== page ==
Background. The use of coronary angiography and revascularization is lower than expected among black patients. It is uncertain whether use of other cardiac procedures also varies according to race and ethnicity and whether outcomes are affected. Methods. We analyzed discharge abstracts from all nonfederal hospitals in California of patients hospitalized for a primary diagnosis of ventricular tachycardia or ventricular fibrillation between 1992 and 1994. We compared mortality rates and use of electrophysiologic study (EPS) and implantable cardioverter-defibrillator (ICD) procedures according to the race and ethnicity of the patient. Results. Among 8713 patients admitted with ventricular tachycardia or ventricular fibrillation, 29% (n = 2508) had a subsequent EPS procedure, and 9% (n = 818) had an ICD implanted. After controlling for potential confounding factors, we found that black patients were significantly less likely than white patients to undergo EPS (odds ratio 0.72, Cl 0.56-0.92) or ICD implantation (odds ratio 0.39, Cl 0.25-0.60). Blacks discharged alive from the initial hospital admission had higher mortality rates over the next year than white patients, even after controlling for multiple confounding risk factors (risk ratio 1.18, Cl 1.03-1.36). The use of EPS and ICD procedures was also significantly affected by several other factors, most notably by on-site procedure availability but also by age, sex, and insurance status. Conclusions. In a large population of patients hospitalized for ventricular arrhythmia, blacks had significantly lower rates of utilization for EPS and ICD procedures and higher subsequent mortality rates.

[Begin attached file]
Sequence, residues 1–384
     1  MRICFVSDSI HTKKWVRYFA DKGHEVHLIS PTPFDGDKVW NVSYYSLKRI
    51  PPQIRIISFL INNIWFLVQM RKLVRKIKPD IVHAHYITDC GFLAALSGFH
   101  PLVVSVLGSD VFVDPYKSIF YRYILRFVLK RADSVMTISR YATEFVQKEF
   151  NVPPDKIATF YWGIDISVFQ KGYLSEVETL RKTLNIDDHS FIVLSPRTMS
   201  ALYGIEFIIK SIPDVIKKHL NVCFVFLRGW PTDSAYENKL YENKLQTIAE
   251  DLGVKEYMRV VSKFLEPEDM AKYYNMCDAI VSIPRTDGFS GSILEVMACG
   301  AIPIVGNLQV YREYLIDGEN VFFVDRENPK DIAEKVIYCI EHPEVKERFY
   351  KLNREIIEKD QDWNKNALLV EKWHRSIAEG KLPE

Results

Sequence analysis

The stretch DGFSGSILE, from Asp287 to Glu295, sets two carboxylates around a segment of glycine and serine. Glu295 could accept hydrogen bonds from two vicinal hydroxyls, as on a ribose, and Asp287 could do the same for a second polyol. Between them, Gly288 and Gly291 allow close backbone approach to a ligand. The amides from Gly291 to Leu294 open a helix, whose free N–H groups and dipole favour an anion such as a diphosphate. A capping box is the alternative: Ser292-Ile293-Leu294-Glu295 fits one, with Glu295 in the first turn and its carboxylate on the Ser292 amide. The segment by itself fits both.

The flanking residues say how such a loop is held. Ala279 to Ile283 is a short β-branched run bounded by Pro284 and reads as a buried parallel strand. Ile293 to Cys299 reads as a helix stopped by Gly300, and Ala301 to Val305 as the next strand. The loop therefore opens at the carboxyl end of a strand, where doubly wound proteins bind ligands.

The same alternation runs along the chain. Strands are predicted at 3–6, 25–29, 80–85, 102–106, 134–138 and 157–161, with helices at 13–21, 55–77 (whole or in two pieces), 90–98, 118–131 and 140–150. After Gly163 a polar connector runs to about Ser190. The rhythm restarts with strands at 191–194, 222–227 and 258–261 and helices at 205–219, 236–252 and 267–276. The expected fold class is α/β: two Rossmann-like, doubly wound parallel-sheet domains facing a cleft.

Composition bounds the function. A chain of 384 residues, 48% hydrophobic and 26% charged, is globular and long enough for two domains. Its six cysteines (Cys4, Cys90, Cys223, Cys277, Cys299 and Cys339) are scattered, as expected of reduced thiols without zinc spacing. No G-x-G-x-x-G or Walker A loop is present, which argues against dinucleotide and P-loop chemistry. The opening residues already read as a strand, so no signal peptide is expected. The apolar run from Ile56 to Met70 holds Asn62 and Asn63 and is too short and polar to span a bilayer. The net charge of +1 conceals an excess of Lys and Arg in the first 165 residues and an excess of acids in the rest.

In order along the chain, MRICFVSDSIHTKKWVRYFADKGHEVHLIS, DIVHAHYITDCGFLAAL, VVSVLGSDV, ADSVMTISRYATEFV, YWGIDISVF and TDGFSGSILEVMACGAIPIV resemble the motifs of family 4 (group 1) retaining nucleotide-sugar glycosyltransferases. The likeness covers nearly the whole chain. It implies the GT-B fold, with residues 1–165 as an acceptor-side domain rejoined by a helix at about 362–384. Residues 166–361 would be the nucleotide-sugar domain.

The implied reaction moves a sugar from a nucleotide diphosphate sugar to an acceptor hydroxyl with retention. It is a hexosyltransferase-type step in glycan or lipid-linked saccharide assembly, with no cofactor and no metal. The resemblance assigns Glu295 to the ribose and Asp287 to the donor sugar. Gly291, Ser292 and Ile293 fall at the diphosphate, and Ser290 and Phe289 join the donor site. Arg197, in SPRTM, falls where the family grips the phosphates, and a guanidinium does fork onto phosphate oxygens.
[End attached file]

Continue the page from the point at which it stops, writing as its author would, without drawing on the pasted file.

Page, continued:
ASJC Scopus subject areas
- Cardiology and Cardiovascular Medicine